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  1. Normativity, system-integration, natural detachment and the hybrid hominin.Lenny Moss - forthcoming - Phenomenology and the Cognitive Sciences:1-17.
    From a subjective point of view, we take the existence of integrated entities, i.e., ourselves as the most unproblematic given, and blithely project such integrity onto untold many “entities” far and wide. However, from a naturalistic perspective, accounting for anything more integral than the attachments and attractions that are explicable in terms of the four fundamental forces of physics has been anything but straightforward. If we take it that the universe begins as an integral unity and explodes into progressive stages (...)
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  • A Theory of Evolution as a Process of Unfolding.Agustin Ostachuk - 2020 - Cosmos and History: The Journal of Natural and Social Philosophy 16 (1):347-379.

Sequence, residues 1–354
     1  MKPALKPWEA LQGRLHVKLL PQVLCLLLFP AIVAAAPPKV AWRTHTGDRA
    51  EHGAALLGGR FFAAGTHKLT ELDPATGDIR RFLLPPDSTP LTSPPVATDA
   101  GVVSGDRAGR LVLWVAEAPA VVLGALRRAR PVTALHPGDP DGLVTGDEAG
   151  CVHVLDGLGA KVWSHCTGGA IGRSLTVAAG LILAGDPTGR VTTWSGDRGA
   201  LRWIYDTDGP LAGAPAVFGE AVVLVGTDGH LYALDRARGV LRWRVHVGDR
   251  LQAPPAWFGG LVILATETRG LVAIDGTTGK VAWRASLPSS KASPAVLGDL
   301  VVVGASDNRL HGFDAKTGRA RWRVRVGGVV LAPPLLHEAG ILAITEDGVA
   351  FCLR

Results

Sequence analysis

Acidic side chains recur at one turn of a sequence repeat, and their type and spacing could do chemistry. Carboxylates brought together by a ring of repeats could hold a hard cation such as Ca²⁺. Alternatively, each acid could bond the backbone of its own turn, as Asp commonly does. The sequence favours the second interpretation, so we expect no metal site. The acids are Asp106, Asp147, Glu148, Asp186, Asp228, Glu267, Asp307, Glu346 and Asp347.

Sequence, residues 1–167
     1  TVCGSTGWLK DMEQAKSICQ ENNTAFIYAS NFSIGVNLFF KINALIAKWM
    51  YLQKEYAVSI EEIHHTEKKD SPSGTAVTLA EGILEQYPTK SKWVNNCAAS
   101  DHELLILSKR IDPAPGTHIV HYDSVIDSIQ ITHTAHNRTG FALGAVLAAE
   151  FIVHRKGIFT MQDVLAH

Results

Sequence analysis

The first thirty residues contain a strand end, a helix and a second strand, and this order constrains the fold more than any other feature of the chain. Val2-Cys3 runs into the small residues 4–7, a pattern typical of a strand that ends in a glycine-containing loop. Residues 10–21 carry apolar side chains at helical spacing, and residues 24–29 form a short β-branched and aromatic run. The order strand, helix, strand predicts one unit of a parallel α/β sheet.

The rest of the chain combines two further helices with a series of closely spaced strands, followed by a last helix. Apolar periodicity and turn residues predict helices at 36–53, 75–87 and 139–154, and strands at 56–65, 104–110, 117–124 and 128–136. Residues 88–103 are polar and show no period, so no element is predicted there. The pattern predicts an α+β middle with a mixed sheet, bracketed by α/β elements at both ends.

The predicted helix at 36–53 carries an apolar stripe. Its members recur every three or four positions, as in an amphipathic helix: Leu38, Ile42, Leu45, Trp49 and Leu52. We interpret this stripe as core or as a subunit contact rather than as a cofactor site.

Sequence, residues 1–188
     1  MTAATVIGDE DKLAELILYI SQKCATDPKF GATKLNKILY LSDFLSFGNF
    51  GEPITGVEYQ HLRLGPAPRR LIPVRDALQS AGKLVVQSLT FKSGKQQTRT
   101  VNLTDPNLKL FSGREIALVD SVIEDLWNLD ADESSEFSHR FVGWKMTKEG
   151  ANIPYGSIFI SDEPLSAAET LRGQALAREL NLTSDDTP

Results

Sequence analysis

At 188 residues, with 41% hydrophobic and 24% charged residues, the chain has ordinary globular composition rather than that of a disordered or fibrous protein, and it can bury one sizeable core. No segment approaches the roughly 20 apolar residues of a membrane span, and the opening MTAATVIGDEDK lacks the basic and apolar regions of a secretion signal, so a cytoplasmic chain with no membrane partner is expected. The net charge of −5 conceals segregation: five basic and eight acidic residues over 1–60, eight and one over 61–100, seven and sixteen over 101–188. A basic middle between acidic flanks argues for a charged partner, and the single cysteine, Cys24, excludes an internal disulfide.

In this work I propose a theory of evolution as a process of unfolding. This theory is based on four logically concatenated principles. The principle of evolutionary order establishes that the more complex cannot be generated from the simpler. The principle of origin establishes that there must be a maximum complexity that originates the others by logical deduction. Finally, the principle of unfolding and the principle of actualization guarantee the development of the evolutionary process from the simplest to the most (...)
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  • The Naturalization of Natural Philosophy.Joseph E. Brenner - 2018 - Philosophies 3 (4):41-0.
    A new demarcation is proposed between Natural Philosophy and non-Natural Philosophy—philosophy _tout court_—based on whether or not they follow a non-standard logic of real processes. This non-propositional logic, Logic in Reality, is based on the original work of the Franco-Romanian thinker Stéphane Lupasco. Many Natural Philosophies remain bounded by dependence on binary linguistic concepts of logic. I claim that LIR can naturalize—bring into science—part of such philosophies. Against the potential objection that my approach blurs the distinction between science and philosophy, (...)
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